By Suryapratim Roy in European Studies and Jurisprudence.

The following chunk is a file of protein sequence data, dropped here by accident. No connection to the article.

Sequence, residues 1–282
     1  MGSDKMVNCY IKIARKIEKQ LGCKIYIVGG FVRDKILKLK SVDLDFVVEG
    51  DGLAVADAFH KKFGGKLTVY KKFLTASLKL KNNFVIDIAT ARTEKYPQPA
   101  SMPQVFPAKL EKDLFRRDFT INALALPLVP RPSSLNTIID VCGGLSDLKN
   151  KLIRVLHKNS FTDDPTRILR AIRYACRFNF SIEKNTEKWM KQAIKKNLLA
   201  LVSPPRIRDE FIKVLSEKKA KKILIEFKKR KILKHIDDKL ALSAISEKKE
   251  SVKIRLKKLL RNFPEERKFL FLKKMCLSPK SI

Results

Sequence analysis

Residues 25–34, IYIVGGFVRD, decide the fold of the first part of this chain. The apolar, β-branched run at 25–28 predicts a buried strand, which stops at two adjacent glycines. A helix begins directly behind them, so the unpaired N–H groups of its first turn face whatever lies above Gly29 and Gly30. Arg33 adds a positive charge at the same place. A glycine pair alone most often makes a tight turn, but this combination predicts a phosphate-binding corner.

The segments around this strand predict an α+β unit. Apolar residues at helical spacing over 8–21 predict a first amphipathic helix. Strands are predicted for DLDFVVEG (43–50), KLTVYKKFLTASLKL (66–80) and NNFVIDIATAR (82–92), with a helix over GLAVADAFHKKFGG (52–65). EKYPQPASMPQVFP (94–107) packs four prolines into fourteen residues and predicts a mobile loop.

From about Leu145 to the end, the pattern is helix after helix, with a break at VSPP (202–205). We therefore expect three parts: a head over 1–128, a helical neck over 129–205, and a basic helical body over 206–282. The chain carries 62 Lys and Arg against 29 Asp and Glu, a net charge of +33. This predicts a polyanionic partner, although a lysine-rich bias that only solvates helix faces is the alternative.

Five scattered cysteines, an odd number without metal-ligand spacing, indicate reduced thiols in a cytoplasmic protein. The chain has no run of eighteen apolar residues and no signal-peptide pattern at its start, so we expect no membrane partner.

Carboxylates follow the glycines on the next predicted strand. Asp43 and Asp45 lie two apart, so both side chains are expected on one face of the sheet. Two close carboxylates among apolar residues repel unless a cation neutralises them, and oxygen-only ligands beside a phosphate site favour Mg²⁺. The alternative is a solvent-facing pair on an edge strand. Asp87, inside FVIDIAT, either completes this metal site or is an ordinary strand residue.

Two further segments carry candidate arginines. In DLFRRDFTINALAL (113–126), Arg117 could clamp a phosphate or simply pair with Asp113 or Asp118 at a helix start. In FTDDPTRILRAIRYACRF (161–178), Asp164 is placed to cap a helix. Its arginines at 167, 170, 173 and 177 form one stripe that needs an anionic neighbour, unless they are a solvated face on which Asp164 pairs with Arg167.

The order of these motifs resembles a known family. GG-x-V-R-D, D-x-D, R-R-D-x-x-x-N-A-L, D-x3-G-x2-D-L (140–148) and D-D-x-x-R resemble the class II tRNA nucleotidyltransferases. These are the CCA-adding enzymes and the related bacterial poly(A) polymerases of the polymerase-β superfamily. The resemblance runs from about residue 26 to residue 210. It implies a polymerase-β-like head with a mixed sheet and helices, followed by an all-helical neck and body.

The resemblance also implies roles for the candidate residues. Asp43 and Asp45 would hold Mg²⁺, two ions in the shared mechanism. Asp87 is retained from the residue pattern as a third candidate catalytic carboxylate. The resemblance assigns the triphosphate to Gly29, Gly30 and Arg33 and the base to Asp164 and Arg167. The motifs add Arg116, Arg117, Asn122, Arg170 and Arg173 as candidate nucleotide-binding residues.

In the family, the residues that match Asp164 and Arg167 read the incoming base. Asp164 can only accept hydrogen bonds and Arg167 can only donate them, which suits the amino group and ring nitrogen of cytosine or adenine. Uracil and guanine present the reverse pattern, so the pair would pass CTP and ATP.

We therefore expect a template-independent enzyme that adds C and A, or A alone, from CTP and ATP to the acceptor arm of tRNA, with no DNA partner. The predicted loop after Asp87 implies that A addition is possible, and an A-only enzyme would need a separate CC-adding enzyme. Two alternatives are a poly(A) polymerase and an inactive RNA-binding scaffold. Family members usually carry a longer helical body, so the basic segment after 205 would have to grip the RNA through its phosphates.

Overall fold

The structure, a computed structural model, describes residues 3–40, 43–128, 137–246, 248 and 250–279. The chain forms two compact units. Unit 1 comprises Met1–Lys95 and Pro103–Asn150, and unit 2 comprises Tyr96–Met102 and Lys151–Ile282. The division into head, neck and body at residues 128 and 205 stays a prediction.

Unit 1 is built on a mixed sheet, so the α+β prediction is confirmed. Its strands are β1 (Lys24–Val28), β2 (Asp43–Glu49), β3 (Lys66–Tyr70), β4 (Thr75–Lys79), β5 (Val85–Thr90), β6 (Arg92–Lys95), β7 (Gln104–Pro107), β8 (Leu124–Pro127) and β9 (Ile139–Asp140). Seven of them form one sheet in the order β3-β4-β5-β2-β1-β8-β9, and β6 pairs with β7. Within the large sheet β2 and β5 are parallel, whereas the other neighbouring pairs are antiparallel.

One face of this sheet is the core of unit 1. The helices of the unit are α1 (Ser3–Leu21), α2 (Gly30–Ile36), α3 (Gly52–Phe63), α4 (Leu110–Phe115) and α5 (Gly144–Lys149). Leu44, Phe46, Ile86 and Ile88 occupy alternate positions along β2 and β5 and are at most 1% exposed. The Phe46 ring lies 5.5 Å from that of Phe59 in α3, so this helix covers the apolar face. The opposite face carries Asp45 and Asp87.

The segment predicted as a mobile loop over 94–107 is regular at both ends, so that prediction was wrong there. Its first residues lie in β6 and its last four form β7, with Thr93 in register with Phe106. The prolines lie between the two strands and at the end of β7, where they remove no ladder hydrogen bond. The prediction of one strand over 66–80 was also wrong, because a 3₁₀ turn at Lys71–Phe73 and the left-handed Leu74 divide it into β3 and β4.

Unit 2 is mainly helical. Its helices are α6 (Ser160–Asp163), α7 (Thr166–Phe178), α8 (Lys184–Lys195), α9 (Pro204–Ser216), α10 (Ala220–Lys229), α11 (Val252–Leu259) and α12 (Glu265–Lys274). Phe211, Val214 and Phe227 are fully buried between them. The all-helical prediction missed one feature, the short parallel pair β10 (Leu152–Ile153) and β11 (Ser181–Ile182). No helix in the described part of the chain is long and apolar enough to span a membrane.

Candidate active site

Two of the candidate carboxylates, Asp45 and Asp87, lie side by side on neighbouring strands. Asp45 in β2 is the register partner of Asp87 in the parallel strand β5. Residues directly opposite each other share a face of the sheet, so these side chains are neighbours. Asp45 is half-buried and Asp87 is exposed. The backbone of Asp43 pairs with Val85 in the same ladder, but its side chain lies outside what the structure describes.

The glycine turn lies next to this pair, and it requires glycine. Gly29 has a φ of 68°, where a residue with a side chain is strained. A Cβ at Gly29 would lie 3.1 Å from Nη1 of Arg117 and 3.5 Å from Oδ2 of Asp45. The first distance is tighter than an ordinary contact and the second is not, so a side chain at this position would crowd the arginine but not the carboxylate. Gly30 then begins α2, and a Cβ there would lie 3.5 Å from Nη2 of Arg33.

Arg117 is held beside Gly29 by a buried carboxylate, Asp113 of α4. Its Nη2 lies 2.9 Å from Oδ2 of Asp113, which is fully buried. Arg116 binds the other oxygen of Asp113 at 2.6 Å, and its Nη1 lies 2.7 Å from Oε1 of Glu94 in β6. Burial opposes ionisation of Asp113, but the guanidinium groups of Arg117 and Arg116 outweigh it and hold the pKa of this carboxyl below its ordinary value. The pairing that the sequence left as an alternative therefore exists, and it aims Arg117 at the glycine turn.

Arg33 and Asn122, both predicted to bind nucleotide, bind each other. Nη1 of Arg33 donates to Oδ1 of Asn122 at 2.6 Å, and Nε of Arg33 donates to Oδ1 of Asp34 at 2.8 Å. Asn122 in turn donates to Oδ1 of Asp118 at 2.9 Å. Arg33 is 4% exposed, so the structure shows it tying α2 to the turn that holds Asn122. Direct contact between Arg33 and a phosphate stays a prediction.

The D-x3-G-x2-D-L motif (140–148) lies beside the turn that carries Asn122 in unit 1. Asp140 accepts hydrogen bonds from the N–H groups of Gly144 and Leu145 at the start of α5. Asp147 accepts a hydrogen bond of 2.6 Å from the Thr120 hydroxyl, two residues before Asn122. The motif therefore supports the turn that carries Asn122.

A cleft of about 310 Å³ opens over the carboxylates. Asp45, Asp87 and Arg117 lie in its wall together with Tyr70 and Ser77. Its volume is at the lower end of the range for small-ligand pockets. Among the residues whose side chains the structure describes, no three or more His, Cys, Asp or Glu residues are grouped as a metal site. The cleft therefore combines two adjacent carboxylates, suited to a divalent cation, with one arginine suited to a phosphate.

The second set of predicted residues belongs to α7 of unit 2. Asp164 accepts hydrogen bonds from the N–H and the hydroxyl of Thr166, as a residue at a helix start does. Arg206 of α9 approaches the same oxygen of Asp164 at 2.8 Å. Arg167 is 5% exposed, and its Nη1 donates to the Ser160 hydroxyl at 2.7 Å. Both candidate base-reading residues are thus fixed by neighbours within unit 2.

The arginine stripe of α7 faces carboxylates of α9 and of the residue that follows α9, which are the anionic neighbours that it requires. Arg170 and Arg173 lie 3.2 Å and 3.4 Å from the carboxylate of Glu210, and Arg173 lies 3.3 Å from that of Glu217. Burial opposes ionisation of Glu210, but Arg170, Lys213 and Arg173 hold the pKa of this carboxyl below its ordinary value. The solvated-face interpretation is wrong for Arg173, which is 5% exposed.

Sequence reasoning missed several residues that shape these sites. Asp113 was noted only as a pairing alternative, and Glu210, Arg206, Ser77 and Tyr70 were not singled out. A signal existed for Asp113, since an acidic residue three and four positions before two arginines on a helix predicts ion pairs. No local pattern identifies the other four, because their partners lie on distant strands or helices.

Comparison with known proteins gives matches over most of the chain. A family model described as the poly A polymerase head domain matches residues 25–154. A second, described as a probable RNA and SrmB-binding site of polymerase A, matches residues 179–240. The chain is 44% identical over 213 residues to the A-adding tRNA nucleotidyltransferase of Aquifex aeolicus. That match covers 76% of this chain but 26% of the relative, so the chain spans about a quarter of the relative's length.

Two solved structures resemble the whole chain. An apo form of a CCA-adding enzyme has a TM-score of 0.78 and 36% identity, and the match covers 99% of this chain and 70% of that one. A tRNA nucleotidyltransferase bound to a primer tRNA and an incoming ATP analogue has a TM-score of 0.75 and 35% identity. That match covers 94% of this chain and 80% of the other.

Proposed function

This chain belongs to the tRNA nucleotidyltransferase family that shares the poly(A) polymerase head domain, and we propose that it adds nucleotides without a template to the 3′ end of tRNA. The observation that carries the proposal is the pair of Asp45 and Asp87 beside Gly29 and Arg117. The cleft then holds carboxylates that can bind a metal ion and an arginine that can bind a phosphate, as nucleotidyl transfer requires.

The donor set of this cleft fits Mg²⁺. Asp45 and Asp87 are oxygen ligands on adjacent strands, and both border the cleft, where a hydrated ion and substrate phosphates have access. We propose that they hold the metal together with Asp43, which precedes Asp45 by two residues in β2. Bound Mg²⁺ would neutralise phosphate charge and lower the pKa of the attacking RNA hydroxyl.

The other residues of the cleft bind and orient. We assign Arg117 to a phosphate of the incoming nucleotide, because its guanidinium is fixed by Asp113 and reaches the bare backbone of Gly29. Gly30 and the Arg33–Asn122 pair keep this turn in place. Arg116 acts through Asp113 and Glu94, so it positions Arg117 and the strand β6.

: There has been an increasing interest in making legal decision-making and scholarship scientific or inter-disciplinary, without there being any interrogation of how or why this should be done. This has resulted in polarised views of the importance of science on one hand, and the primacy of democracy on the other. Such polarisation is not helpful primarily because both ‘science’ and ‘democracy’ remain unintelligible to those who do not have access to the particular epistemology that supports their usage. In this article, I seek to reconceptualise the conflict between democracy and science as the association of legal decision-makers and scholars with expert inquiry. I further conceptualise such association as a process that involves normative reductionism of testimonial exchange. Despite a claim to ‘a culture of justification’ in legal systems such as the European Union, the process of normative reductionism is essentially arbitrary. I seek to articulate a framework where this process may be approached in a disciplined manner, concentrating on the role of mediation and moderation of expert knowledge.